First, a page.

&i;Bear&o; begins 25 million years ago with 'dawn bear', the small dog-sized ancestor of all bears. Tracing the evolution of the bear family, the author discusses extinct types, such as the cave bear and the giant short-faced bear, as well as describing in detail the eight species that exist today. Several of these species are now facing extinction, and the book considers the impact of current human behaviour on bears and their environments.
&i;Bear&o; explores the bear-human relationship and how human perceptions of bears have changed over time. Drawing from cultures around the world, it discusses the various legends and myths, including the ceremonies and taboos that surround hunting, killing and eating bears.
The book concludes by considering the precarious future of the bear, threatened by loss of habitats, disease, pollution, global warming and poaching for the medicinal trade.
Robert E. Bieder is Research Associate and Adjunct Professor at the School of Public and Environmental Affairs, Indiana University, Indiana, USA. He is the author of many books and articles on North American natural history, folklore and ethnology.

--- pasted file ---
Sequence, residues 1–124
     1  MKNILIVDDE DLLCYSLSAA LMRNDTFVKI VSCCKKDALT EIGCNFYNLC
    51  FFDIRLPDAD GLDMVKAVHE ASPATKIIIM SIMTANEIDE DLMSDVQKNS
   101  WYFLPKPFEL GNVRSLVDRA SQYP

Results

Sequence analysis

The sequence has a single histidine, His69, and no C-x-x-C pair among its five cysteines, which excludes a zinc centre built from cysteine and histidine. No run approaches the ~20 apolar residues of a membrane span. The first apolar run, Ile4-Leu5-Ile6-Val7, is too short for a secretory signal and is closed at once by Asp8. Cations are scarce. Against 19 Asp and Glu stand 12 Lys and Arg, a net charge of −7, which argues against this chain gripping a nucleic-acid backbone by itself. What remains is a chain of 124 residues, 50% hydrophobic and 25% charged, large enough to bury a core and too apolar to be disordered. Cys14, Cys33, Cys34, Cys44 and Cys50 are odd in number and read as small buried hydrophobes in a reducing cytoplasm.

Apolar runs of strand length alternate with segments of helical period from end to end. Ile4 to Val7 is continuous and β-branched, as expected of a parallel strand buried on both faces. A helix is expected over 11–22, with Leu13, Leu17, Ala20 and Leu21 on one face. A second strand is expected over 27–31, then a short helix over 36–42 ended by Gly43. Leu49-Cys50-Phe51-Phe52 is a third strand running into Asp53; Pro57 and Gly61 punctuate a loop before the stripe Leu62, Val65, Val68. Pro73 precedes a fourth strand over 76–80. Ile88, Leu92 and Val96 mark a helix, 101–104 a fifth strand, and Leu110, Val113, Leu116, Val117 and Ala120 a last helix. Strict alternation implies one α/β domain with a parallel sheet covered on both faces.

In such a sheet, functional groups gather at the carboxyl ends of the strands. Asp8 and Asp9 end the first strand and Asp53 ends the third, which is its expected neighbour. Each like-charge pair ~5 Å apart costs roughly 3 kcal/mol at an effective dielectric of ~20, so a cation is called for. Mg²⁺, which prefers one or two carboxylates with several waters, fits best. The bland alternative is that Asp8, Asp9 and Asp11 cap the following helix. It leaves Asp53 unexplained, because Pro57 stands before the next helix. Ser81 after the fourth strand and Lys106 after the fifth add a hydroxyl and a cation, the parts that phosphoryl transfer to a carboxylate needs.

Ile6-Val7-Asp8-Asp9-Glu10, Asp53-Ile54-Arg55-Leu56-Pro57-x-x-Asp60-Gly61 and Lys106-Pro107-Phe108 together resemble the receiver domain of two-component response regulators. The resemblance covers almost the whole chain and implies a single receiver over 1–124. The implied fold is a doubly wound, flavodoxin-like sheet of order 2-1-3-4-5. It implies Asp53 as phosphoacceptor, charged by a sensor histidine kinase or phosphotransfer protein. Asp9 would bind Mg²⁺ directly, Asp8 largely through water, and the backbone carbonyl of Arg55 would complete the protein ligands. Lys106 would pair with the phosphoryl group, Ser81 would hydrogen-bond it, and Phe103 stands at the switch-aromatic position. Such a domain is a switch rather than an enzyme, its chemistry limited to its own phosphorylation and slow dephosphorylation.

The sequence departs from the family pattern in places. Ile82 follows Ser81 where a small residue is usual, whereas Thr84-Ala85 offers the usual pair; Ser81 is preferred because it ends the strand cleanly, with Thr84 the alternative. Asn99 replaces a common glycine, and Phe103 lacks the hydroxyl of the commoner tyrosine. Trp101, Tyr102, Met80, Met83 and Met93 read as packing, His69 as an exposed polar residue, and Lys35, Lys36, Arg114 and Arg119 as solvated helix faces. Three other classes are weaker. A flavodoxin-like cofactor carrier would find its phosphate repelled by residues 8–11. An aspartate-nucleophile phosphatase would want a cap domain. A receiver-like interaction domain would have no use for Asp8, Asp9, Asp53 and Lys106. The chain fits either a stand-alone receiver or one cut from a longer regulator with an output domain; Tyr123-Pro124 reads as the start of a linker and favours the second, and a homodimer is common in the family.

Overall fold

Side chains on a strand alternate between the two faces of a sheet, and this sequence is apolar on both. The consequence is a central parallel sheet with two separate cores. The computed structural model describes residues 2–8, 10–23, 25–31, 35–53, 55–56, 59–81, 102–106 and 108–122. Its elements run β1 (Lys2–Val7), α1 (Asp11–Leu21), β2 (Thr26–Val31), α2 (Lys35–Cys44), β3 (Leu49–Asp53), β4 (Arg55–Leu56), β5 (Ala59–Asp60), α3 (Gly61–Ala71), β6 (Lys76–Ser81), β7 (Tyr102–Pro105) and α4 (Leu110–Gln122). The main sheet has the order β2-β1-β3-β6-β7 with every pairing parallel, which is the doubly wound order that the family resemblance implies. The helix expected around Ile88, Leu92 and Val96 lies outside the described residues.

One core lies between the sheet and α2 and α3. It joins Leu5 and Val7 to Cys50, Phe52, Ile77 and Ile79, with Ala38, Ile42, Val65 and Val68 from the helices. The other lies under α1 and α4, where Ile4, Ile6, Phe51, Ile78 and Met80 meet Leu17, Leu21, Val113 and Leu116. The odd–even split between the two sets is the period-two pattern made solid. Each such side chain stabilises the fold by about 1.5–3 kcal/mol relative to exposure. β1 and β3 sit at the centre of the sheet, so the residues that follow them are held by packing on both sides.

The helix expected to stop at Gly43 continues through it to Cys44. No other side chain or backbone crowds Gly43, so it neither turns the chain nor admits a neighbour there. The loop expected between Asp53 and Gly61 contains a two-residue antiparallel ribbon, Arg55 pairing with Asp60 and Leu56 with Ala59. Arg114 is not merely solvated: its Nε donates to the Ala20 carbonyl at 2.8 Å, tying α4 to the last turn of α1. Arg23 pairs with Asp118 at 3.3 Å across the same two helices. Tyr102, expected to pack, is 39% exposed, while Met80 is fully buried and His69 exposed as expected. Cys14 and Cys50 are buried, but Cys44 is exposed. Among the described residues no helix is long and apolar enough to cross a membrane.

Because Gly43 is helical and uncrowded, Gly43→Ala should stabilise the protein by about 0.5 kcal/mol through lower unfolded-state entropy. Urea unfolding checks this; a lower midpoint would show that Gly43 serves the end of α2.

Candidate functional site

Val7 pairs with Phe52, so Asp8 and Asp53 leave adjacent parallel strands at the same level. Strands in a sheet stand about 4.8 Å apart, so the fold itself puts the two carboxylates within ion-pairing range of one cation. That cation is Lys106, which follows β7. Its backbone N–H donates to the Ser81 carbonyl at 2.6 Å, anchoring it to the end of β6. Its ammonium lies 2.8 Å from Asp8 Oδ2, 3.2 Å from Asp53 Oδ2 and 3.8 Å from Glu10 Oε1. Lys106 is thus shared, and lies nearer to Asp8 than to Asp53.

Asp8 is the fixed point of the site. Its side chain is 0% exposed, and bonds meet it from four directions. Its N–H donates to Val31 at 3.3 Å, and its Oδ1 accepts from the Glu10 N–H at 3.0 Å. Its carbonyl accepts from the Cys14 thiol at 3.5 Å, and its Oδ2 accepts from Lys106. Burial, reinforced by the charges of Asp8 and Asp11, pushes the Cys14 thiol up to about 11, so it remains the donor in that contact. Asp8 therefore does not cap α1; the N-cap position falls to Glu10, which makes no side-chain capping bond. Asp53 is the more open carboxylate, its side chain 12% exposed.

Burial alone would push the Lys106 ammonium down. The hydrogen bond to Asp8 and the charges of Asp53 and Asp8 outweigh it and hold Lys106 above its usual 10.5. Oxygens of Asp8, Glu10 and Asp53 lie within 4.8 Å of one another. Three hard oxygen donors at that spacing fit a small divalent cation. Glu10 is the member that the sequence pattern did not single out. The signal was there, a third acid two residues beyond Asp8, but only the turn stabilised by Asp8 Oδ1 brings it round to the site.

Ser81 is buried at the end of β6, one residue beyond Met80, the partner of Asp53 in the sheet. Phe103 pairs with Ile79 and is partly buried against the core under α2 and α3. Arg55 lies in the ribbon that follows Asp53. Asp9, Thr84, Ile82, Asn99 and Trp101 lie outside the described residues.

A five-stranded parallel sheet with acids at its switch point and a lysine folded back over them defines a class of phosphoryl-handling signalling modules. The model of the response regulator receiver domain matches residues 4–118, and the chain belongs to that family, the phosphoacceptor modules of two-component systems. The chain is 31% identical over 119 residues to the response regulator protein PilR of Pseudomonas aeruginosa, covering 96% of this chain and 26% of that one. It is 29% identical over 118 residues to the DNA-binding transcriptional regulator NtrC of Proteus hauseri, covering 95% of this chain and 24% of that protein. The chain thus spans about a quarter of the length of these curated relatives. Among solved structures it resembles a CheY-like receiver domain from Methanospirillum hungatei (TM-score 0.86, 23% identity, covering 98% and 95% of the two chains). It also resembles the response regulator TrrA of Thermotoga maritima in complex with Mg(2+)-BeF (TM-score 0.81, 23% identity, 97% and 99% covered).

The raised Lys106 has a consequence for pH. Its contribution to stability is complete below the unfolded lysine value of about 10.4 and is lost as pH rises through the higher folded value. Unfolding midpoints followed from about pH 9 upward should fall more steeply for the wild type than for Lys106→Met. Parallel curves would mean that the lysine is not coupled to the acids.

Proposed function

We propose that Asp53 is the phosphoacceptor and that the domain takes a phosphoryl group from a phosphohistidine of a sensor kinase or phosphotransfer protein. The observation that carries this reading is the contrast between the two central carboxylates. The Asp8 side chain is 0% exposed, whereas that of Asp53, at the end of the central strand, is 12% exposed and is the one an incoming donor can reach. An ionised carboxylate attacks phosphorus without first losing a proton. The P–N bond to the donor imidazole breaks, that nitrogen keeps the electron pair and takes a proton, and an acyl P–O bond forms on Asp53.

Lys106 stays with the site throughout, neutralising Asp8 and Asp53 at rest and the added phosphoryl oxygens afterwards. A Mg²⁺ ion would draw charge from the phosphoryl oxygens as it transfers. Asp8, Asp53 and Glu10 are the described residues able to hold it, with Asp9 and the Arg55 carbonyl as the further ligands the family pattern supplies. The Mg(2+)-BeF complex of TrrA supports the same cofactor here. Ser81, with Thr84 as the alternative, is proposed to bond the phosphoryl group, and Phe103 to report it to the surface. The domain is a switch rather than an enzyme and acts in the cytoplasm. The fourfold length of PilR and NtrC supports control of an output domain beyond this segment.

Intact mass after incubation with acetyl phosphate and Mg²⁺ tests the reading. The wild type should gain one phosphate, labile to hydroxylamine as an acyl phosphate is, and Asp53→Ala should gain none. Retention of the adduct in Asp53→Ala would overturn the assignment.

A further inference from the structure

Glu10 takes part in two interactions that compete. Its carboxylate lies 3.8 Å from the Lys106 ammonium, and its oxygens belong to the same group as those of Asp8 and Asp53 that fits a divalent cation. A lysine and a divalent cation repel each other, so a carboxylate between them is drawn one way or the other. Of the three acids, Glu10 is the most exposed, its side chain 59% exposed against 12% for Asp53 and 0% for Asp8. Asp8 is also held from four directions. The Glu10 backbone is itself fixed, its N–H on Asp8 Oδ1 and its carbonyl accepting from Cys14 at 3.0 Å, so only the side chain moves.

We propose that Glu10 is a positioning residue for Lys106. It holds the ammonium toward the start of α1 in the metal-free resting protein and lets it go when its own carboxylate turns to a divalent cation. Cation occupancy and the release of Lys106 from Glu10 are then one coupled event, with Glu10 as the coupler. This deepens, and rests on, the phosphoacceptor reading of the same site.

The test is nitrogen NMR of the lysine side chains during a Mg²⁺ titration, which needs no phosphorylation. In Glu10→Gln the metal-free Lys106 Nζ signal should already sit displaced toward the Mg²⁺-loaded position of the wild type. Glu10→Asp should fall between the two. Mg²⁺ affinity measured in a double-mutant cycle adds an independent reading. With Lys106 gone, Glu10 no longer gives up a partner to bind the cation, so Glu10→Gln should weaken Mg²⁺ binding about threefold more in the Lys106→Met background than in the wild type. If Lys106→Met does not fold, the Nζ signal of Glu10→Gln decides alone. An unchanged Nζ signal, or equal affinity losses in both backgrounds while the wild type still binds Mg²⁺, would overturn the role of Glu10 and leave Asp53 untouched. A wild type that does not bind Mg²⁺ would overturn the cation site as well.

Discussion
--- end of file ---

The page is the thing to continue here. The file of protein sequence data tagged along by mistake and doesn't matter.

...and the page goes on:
It is indeed surprising, considering the wealth of legends and traditions to do with bears worldwide, how very few books have been written about them, but in Bear we are given a taste of what must surely be a huge and enthralling subject. Archives of Natural History In Bear, Robert E. Bieder does a fine job of chronicling the evolution of bears, explaining which species survived or did not (and why), and examining what has set the Family Ursidae apart from the others. The Quarterly Review of Biology
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